• Appetizers USA (appetizersusa.com): Over 200 different hors d’oeuvres from which many hotels, caterers, country clubs, and other foodservice companies order. Can order by tray, not by the case.

Good luck and have fun wowing your clients and their guests this holiday season!

Are you making the leap into catering for the holidays this year? What are your biggest concerns? If you’re experienced, what are your tips for newbies?

Not an APPCA member? Now’s the perfect time to join! Go to personalchef.com to learn about all the benefits that come with membership.

Photos courtesy of April Lee

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You’re busy chefs and are probably always looking for great ways to save time, money, and ingredients. I frequently post what I think are marvelously clever and useful kitchen hacks on our Facebook page to give you some ideas to tuck away for your use. Today, I’m writing up half a dozen that I’ve seen and used. Periodically, I’ll post more as I collect them. And if you have any to share, send them along with photos!

1. Preserved lemons: This Moroccan staple is brilliant added to pasta, salads, dressings, and proteins like scallops and poultry. And they’re ridiculously easy to make. All you need is a large glass jar, about 7 or 8 Meyer lemons and sea salt. Slice the lemons down the long end almost half way, turn it a quarter and do it again. Stuff the inside with salt. Grab that end, turn the lemon upside down and repeat so both ends are stuffed with salt. Place the lemon in the impeccably clean jar and repeat with as many lemons as you can fit into the jar and still screw on the lid. A lot of juice will come out. That’s fine. Keep the jar of lemons on the counter for a month, periodically turning it over and back to make sure the juice is covering the top. After a month, you can use the lemons in pasta dishes, in rice, salads, sauces, with fish or with Moroccan-style dishes. Keep the jar in the refrigerator and the lemons will last for months.

Preserved lemons2

2. Freezing ginger: I don’t know about you, but fresh ginger root can be frustrating. You buy a knob to use for a dish and then you still have leftover ginger that, despite your best intentions, doesn’t get used and eventually shrivels up and gets tossed. Enough of that. The Kitchn has a great approach. I learned I could peel a hand of the root, grate it, measure it off in teaspoons, and freeze it. But I changed it up a bit and made it even easier. I didn’t peel the root and instead of grating it, I pulled out my mini food processor, quickly sliced up the large hand, and ground it as fine as I could. Then I used a mini cookie scoop, which measures about a teaspoon, and before I knew it I had more than a dozen scoops of ginger on a parchment-lined pan. I put the pan in the freezer. Two hours or so later when the pieces were hard, I placed those now-frozen ground ginger rounds in a quart freezer bag so I can have what I need when I need it. And sans waste.

Pureed ginger2

3. Dried dill: My mom has a Persian friend who has taught us all sorts of great recipes–and one fabulous trick. She uses a lot of dill so her way to always have what she needs on hand is to slowly dry bunches in the oven and then package it for storage. Wash and dry dill fronds. Cut off the thick stems and place the smaller fronds in a single layer on a baking sheet. Place the sheet in a 225-degree oven. Periodically move the dill around to make sure the air is circulating around all the pieces. Depending on how much you are drying it can take from half an hour to hour until they’re just stiff and crunchy. Remove from the oven and let cool. Then carefully crumble the leaves over a clean sheet of paper so they don’t fly all over your counter. Pull the ends of the paper together so the dill settles into the middle and you can easily direct it into a container, where you can store it in the pantry, or into a freezer bag. This also works for other herbs, like mint and parsley.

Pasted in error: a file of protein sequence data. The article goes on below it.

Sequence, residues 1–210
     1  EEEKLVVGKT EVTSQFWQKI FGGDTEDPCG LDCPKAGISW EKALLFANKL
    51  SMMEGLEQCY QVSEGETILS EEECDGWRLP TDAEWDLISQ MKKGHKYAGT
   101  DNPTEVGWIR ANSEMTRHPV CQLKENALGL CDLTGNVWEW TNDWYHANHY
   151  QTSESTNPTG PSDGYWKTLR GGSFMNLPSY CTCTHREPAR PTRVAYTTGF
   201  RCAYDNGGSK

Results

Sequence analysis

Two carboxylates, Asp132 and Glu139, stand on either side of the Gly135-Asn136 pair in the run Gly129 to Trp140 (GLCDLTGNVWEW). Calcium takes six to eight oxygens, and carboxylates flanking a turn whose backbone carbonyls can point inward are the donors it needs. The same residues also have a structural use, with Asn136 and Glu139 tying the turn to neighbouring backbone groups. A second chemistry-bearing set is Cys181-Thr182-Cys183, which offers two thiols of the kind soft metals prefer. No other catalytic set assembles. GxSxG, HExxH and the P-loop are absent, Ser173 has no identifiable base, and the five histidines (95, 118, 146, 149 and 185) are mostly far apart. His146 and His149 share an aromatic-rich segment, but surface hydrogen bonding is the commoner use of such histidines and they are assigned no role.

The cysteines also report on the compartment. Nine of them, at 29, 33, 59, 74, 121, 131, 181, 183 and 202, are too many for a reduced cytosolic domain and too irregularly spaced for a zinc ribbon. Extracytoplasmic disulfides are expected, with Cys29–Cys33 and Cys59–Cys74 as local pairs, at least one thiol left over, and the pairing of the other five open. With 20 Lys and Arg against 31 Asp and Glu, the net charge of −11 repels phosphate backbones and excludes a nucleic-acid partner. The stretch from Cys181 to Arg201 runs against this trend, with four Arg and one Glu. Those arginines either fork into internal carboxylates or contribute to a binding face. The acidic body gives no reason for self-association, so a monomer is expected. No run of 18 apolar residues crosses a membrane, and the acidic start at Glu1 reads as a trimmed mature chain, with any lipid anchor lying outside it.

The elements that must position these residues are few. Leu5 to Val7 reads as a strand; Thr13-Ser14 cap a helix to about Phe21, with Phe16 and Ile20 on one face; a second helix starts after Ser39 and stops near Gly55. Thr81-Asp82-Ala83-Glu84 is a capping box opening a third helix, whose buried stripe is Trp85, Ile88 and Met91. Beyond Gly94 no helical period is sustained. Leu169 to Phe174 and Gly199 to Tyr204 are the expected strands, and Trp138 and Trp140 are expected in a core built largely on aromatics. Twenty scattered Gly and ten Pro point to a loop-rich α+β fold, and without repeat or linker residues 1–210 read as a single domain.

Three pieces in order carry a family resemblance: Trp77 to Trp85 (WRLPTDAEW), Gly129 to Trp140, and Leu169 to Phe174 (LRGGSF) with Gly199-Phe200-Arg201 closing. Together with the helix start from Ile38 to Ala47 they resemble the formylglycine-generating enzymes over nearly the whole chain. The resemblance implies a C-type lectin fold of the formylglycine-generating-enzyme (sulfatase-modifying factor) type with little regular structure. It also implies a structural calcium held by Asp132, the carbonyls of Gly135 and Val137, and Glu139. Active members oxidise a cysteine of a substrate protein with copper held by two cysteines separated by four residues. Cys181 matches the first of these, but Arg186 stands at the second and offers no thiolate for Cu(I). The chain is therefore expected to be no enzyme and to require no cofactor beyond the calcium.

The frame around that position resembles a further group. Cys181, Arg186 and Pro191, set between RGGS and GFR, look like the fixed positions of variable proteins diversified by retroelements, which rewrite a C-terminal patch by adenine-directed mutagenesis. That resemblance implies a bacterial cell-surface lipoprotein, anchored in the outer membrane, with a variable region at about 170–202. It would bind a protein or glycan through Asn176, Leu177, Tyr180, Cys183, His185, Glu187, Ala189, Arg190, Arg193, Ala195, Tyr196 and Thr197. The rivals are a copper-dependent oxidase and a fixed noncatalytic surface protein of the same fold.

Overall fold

Dried dill

4. Vacuum sealing with straws: Unless you have plenty of counter space for large vacuum sealers, this little hack will save you space and money. About $1.50 will buy you a package of straws that can serve a multitude of purposes, including vacuum sealing freezer bag contents. Air is the enemy of freezer storage and as talented as you may be in strategically manipulating bags to push the air out of them, using a straw is way simpler and more effective. Simply fill your freezer bag with what you’re storing, insert the end of a straw and seal the top around it. Then suck in until the plastic tightly encircles the contents. Quickly pull out the straw and finish sealing. Your frozen product will have a much better chance of lasting longer and without freezer burn.

Straws

5. Homemade vanilla extract: For years I’ve bought large bottles of vanilla whenever I’ve gone down to Tijuana. It’s inexpensive and very good. But recently a friend of mine gifted me with a beautiful bottle and a long, thick vanilla bean with instructions to fill the bottle–with the bean in it–with vodka, brandy, bourbon, or rum. Vodka, she says, gives the cleanest flavor. Then let it sit in a cool dark cabinet or pantry for six weeks. At that point, your extract is ready to use. And you can keep adding more alcohol to top off your bottle as you use it. She claims the single bean will give pure vanilla extract for 25 years. Mark your calendar.

vodka vanilla

6. Bacon by the slice: How often do you need just one or two slices of bacon to add to a dish (or make for yourself)? Here’s a great way to access a single slice at a time that I learned from The Kitchn. Buy a package of bacon, separate and roll up each slice individually. Get out a small baking sheet and line it with parchment. Place each little roll on it and put it in the freezer. Once they’re hard (I know; this is like the ginger–but, hey, it’s a great and versatile  technique), remove and toss into a freezer bag. Grab that straw from hack 4 and vacuum seal the bag. Next time you want to add a little bacon to a vinaigrette, you’re all set.

Have a great kitchen hack of your own to share? Post it here or send it to caron@goldenwriting.com with a photo so we can use it the next time we post a collection of hacks.

Not an APPCA member? Now’s the perfect time to join! Go to personalchef.com to learn about all the benefits that come with membership.